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Intern Spotlight: Kirsten Bluth

Kirsten Bluth, an American Studies Major at USU, was a F.U.N. (Fernbank Ultimate Naturalist) Education at the Fernbank Museum of Natural History in Atlanta, Georgia during the summer of 2016. Kirsten underwent a rigorous application process and was ultimately selected for the volunteer-based program designed to help youth in the Atlanta area gain a love for history and science. “My role was to train the new volunteers on each Discovery Cart at the museum (carts that were rolled out into the plaza with items that children could interact with),” Kirsten said. “The carts had topics ranging from Sea to Space, [to] Archeology, etc. I was also to be a mentor for all F.U.N volunteers, new and returning.”  Kirsten was also responsible for organizing the first ever F.U.N. summer social.

When Kirsten first considered finding an internship, she thought the process of finding an internship would be difficult and time-consuming. However, once she started the process, she discovered that “finding an internship is so much easier than I thought.”

Kirsten said that classroom experience in her coursework at USU definitely prepared her for her internship, and utilizing the knowledge obtained in class was extremely beneficial and satisfying—“I was able to gain real work place experience that the classroom experience can’t offer,” Kirsten said.

Kirsten says that her internship experience heightened her people skills—during her internship, she had the opportunity to work with all kinds of people. When asked what advice she would give to prospective interns, Kirsten said “It is 100% worth it.”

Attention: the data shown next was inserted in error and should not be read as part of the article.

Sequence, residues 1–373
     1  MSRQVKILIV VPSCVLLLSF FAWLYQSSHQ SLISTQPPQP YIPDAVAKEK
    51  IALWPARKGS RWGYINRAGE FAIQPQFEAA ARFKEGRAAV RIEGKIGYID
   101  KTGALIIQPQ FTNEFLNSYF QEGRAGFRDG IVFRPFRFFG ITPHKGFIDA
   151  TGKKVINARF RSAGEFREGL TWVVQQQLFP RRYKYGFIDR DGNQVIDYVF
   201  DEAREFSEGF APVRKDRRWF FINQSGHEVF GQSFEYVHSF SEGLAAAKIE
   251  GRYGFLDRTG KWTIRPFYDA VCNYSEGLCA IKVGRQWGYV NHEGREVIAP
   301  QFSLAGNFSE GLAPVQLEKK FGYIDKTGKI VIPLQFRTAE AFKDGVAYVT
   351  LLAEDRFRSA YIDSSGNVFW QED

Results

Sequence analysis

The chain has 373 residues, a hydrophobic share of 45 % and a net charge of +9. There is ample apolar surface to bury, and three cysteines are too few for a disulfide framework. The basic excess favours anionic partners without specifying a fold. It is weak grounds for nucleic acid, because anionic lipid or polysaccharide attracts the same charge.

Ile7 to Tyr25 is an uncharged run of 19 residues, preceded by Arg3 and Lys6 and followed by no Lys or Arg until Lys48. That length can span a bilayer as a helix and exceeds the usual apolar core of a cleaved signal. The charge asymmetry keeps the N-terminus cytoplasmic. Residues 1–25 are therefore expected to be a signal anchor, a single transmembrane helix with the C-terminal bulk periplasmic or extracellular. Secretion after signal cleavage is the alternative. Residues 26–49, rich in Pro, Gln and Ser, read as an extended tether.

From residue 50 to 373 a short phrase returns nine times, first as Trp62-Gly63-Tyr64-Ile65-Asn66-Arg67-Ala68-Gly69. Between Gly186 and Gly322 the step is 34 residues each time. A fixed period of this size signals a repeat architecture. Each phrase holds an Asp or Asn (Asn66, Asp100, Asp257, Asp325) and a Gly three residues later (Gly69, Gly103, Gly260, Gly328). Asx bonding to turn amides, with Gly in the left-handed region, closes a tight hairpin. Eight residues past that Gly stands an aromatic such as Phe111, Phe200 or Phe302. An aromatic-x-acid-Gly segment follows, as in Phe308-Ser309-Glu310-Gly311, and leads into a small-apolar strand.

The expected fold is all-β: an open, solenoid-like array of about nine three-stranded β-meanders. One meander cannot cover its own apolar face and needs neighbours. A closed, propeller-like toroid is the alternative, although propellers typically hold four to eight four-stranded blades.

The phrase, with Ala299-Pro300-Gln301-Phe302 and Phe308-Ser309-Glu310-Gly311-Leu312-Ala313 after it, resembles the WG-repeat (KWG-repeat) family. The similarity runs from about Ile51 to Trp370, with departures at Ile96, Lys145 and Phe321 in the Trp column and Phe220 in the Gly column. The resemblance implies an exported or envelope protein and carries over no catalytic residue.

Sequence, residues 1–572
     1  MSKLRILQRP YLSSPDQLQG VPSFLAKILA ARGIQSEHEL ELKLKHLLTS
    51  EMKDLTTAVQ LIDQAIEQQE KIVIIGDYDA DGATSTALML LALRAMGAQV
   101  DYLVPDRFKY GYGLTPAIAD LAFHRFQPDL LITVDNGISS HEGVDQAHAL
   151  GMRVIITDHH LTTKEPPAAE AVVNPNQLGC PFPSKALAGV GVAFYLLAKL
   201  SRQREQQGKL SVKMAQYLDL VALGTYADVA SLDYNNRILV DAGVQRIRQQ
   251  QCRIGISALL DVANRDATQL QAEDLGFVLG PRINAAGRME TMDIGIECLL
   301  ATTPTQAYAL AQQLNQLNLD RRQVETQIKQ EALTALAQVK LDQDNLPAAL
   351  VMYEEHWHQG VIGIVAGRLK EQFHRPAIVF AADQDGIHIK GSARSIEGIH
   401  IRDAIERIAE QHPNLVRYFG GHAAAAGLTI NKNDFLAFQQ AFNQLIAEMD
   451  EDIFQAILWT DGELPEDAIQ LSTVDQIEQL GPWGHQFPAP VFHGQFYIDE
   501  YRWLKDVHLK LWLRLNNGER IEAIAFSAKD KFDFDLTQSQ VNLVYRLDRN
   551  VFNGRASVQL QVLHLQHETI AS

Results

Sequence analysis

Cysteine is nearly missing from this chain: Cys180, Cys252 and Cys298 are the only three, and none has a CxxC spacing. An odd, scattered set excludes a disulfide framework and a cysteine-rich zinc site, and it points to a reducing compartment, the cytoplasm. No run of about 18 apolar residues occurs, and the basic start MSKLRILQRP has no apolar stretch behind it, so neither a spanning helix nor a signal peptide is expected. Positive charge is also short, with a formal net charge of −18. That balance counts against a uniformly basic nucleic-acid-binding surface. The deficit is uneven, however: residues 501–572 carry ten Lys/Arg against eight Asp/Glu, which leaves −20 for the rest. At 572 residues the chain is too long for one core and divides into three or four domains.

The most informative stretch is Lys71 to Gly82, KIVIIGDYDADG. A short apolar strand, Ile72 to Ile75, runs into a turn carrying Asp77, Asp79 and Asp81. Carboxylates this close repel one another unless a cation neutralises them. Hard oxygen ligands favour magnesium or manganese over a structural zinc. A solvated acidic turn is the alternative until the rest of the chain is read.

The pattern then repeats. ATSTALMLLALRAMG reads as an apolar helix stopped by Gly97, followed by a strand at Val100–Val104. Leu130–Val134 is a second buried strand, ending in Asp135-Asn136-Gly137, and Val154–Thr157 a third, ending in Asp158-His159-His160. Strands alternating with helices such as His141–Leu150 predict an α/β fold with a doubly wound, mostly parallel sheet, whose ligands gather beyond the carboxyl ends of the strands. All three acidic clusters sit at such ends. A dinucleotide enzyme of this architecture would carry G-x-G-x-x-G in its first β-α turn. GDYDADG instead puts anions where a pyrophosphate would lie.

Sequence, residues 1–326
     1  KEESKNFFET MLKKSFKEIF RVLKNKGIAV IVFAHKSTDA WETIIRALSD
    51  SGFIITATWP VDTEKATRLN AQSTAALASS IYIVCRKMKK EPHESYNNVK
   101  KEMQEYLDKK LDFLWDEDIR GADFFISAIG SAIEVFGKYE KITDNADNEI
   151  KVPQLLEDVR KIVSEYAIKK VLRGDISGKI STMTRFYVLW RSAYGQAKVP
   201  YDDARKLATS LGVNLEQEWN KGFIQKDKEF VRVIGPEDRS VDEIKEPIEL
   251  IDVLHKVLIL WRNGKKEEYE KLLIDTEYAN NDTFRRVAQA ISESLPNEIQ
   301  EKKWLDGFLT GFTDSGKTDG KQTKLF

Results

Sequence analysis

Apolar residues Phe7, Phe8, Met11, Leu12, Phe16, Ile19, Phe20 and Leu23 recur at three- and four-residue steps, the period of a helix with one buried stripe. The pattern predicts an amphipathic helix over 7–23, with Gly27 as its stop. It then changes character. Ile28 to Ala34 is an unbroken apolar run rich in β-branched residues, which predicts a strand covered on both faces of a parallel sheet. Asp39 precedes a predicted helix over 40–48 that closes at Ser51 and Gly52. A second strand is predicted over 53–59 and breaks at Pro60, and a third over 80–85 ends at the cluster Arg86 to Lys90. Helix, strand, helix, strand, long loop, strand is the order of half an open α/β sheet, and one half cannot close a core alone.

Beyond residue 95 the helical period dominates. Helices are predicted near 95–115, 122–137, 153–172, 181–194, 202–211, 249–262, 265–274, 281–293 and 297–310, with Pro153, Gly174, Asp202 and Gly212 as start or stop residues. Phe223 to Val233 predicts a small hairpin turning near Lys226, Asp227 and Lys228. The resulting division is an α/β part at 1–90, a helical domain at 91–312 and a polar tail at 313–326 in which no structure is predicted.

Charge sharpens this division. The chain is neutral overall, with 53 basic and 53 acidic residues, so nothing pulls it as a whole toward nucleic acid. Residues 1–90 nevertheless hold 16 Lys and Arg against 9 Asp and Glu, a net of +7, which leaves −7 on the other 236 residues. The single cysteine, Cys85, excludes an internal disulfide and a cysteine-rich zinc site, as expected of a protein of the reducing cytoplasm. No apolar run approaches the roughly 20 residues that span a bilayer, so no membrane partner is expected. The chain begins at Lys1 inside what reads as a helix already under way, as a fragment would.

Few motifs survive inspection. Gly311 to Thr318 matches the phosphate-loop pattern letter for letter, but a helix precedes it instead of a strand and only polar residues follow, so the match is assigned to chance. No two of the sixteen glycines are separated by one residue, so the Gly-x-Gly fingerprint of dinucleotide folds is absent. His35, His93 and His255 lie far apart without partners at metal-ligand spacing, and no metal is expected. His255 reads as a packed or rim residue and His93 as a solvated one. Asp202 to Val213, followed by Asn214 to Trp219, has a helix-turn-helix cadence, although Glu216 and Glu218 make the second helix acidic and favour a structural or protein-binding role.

Kirsten’s take-away also benefited her in a not-so-predictable way. Although she enjoyed her intern experience, Kirsten discovered her dislike for some aspects of museum work. “I worked great with the youth volunteers but I didn’t like the office work,” Kirsten said. “I didn’t like having my own cubicle or having to sit for long periods of time. I wouldn’t have known that otherwise if I had not interned.”

Kirsten is a good example that while internships might not provide valued insight into fitting long-term careers, internships can just as easily prevent someone from jumping headfirst into an unfitting career path. Kirsten has allowed her intern experience to mold and modify her future career plans. “I have learned that I am not a desk work woman. I would rather be using my hands, working with people and using creativity than doing research or typing up reports,” Kirsten said. This type of self-discovery is invaluable; interns often emerge with a stronger sense of self.

             

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